General and Systemic Histopathology, C601&C602
Slide 19: Acute Erosive Esophagitis
OK, the dilated vessels
are not necessarily part of the inflammatory process. These enlarged vessels
are referred to as esophageal varices and result from increased blood flow.
The increase in blood flow results from increased hepatic portal resistance
and the subsequent development of hepatic portal hypertension (increased
hepatic portal blood pressure). This resulting increased portal blood pressure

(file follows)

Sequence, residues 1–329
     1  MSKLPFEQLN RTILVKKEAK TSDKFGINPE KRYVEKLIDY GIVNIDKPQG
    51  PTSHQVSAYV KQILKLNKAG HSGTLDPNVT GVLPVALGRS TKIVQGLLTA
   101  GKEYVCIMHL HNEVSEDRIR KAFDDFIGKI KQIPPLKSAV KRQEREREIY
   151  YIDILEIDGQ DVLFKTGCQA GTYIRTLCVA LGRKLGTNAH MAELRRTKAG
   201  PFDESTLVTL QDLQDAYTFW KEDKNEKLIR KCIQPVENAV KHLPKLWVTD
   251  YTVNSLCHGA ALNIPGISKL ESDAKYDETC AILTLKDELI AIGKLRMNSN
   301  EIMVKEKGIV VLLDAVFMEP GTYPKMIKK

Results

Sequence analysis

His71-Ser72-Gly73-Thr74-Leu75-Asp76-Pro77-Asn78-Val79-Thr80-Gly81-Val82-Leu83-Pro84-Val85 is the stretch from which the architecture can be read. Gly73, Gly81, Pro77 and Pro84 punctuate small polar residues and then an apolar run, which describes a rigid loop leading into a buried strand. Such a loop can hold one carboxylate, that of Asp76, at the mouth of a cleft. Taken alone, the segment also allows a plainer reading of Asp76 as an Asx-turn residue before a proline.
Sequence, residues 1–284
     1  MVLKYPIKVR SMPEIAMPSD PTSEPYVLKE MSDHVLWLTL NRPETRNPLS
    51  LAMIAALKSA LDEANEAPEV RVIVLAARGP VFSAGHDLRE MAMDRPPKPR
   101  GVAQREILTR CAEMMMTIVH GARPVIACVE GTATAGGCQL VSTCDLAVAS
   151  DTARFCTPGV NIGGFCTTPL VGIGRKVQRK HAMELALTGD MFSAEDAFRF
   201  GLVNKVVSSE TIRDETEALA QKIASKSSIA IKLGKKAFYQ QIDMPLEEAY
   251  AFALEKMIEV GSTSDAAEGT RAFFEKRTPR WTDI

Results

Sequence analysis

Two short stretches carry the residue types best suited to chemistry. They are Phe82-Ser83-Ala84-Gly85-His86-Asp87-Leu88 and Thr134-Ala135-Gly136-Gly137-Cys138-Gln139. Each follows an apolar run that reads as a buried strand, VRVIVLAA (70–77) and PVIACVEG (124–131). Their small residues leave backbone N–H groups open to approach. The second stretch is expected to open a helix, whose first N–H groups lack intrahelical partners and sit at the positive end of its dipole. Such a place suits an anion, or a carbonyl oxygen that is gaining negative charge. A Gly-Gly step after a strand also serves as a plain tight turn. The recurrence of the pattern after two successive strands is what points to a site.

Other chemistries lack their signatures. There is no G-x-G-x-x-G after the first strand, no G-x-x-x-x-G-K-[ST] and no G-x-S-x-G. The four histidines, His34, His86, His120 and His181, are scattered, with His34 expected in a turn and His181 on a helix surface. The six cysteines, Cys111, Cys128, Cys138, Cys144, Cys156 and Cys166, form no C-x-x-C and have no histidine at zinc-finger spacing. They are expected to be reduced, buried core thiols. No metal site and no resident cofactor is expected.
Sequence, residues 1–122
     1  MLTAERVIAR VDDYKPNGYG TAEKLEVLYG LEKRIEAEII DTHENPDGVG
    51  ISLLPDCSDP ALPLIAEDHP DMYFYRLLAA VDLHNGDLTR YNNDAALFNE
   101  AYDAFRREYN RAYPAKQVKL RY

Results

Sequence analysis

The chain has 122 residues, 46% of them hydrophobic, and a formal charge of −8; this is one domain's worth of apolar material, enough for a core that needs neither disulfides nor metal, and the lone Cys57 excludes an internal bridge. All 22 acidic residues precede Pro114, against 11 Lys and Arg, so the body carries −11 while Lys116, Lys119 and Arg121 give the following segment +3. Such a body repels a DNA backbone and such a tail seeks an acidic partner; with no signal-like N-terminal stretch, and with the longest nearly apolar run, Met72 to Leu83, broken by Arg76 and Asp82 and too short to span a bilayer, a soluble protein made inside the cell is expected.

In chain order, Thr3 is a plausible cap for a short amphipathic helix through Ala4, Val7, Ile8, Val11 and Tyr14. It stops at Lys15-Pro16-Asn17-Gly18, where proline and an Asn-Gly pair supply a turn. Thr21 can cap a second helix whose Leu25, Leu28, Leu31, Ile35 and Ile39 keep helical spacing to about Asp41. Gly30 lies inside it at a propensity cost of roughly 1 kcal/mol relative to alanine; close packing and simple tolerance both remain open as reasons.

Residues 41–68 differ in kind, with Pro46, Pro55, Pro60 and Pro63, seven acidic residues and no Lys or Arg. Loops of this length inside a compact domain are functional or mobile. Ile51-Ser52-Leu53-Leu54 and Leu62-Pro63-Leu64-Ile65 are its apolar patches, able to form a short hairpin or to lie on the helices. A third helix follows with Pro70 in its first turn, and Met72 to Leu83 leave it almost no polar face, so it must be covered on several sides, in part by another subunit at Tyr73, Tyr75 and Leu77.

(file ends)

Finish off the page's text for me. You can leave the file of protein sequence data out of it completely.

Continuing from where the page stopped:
leads to a greater flow of blood returning to the systemic venous circulation
by way of the anastomosing vessels in the lower third of the esophagus
as well as those in the rectum. This change in the vascularity of the liver
is a permanent alteration associated with cirrhosis. Cirrhosis results
from the liver's attempts to heal itself in the face of chronic and on
going injury. The result is one of scaring and "botched" nodular regeneration
of the liver lobules. This deranged vascular flow in the liver is one of
the most significant outcomes of cirrhosis.